The most logical solution for identifying the project champion was the owner of Admin department (General Services Director) but he may not have been the only approver of this project. This was because the application was mainly used by a number of users belonging to core operation teams and some of the major shared services functions such as Finance, Training, among others. Thus, Operation Directors and Shared Services Directors would have been the right choice of being the sponsor along with the Admin owner.
The project team internally decided to propose the sponsors to be three operations directors, the admin owner and two directors from Shared Services functions. However, the question was "Who will bell the cat?"
To tackle this challenge, it was very important to take the buy-in of organization’s CEO. To get this, we created the business case which showcased its impact on the organization holistically. We described the total number of days required to just approve one travel request and named this time as Non-value added time. We calculated the Process Cycle Efficiency, i.e. the value added time of approval process divided by total time required to complete a travel request. It gave startling numbers which were music to our CEO’s ears. It took about 10 days to approve just one travel request. Wow!!
Our presentation to the CEO was successful as we promised to reduce the 10 day approval process to just 2 days; we then shared the challenge of having limited stakeholders and accordingly proposed our sponsor list. It just took a few phone calls for the CEO to accept our proposal and our project had the blessings of each proposed sponsor.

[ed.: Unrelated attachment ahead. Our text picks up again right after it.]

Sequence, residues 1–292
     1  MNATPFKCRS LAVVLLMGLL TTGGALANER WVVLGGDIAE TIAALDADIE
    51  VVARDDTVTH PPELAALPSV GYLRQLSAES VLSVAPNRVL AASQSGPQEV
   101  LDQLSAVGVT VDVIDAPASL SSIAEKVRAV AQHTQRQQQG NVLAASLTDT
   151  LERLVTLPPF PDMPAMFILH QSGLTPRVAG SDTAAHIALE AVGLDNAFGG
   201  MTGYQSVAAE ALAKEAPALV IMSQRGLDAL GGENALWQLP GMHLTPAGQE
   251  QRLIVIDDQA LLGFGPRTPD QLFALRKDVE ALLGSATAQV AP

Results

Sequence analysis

Scoping the project revealed conflicting interests
As this was a cross-functional project, each department had its own interest and requested some features in the application that would reduce their manual work. These conflicting interests derailed the core aim of creating the application for reducing the approval process timeline. Thus, the project team got together and created a phased plan for developing the application. Accordingly, we were able to meet demands of each department and also were able to focus on core business case.
Identifying the right subject matter experts for gathering requirements
The first month was involved in creating the project charter, setting the scope of the project and getting buy-in from all stakeholders. Now came another challenging part of project which was Requirement Gathering. The key problem to address was who would be the right subject matter expert helping in requirement gathering. As employees from many different parts of the organization needed to travel, the project team was not able to effectively identify on who would give all the requirements. This challenge was tackled by looking at the data of travelers. We chose those subject matter experts who were frequently involved in a lot of travel and had to go through the manual process overtime. The Governance committee (comprising of proposed project sponsors) approved the list of subject matter experts and we completed requirements gathering exercise with them.
Creating the application and completing the project